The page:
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Friday, as news of the allegations of fraud at Goldman Sachs spread, I got a call from someone who works in the insurance business.
"Check out the former head of ACA" he said referring to the now-defunct and formerly down-graded bond insurer who asked the-not-so-omniscient hedge fund manager John Paulson to choose which securities to put into the CDO, Abacus, that Goldman Sachs subsequently sold to two big clients, the German bank IKB and the Royal Bank of Scotland -- without disclosing that Paulson would be shorting his own hand-picked stocks on the other side of the trade.
Now the SEC's complaint states that ACA had no idea that Paulson was shorting the stocks he'd been asked to select, yet my deepthroat was not so convinced.
My source told me to check out who the head of ACA was married to. "I think you'll find it's a senior woman at Goldman Sachs," he said.
Well, yep, it is.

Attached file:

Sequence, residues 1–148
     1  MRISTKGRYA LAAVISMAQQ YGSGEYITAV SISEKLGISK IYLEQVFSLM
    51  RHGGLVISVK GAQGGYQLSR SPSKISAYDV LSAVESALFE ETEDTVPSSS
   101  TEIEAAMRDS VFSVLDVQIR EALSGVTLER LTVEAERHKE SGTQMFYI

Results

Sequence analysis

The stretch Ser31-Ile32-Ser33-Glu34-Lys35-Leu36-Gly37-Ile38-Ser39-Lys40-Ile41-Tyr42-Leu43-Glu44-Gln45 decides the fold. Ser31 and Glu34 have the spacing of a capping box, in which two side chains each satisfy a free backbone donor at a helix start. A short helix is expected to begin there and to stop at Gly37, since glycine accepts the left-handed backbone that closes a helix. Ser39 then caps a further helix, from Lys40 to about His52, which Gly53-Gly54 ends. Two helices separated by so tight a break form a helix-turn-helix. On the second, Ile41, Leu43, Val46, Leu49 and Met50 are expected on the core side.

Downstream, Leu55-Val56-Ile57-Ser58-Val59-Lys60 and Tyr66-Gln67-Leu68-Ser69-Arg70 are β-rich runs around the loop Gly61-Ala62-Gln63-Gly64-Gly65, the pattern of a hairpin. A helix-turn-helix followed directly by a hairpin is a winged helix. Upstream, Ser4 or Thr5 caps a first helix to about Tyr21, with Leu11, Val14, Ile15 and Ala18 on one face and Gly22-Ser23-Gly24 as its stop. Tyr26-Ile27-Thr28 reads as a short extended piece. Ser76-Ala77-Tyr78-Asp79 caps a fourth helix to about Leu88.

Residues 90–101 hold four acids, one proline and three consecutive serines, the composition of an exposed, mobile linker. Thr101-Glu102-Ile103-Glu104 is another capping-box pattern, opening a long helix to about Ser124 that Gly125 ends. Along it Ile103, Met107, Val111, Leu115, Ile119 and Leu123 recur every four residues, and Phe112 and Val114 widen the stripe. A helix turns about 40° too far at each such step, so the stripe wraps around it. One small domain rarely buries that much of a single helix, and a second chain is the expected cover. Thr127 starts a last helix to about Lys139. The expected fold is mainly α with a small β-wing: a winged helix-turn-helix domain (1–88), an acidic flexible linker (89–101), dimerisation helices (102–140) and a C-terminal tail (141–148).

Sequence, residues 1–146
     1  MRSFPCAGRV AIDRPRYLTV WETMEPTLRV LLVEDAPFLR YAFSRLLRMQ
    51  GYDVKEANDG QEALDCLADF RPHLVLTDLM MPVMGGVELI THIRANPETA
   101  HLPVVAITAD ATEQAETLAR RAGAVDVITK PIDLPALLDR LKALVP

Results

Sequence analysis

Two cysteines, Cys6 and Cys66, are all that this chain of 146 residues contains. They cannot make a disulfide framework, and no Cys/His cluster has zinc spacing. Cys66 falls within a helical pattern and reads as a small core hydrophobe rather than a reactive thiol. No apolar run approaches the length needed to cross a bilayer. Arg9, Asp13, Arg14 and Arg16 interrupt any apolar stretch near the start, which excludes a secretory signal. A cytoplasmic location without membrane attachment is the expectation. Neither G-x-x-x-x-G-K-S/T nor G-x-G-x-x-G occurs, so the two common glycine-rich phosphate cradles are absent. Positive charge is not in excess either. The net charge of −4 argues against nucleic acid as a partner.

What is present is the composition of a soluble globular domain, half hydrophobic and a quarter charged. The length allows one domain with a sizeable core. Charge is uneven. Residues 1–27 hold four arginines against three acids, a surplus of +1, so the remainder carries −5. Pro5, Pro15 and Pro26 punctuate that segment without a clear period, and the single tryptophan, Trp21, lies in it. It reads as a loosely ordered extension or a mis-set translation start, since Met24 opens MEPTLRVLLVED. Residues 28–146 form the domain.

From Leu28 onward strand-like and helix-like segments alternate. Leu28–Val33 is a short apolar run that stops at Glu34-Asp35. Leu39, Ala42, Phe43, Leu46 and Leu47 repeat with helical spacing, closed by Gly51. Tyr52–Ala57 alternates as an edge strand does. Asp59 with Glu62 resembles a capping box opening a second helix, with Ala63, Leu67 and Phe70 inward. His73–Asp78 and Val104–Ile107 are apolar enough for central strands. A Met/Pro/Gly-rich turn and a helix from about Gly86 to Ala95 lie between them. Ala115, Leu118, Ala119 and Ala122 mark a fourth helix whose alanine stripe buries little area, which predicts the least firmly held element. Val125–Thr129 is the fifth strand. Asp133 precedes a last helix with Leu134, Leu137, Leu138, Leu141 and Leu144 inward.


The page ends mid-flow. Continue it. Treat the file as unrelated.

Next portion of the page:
Alan S. Rosenman took over ACA Capital as president and CEO in 2004 - because -- wait for it -- his predecessor Michael Satz had "personal income tax issues" -- (how murky is this story going to get you must be asking?)
According to a Business Week article dated April 3 by David Henry and Matthew Goldstein, Rosenman "immediately began to push ACA into CDO insurance, an area his predecessor, Satz, had only begun to explore."
Rosenman's wife, or at least partner -- they are listed as sharing a house together for which they paid $6.1 million in 2005 in New York -- is Frances "Fran" R. Bermanzohn, who is managing director and deputy general counsel at ... Goldman Sachs.
I called Mr. Rosenman who gave me the illuminating statement: "I am not offering any comment at this time."
I asked him, did he ever disclose their relationship to buyers of Abacus? Did she? And Could ACA really therefore not have known about Paulson's activities?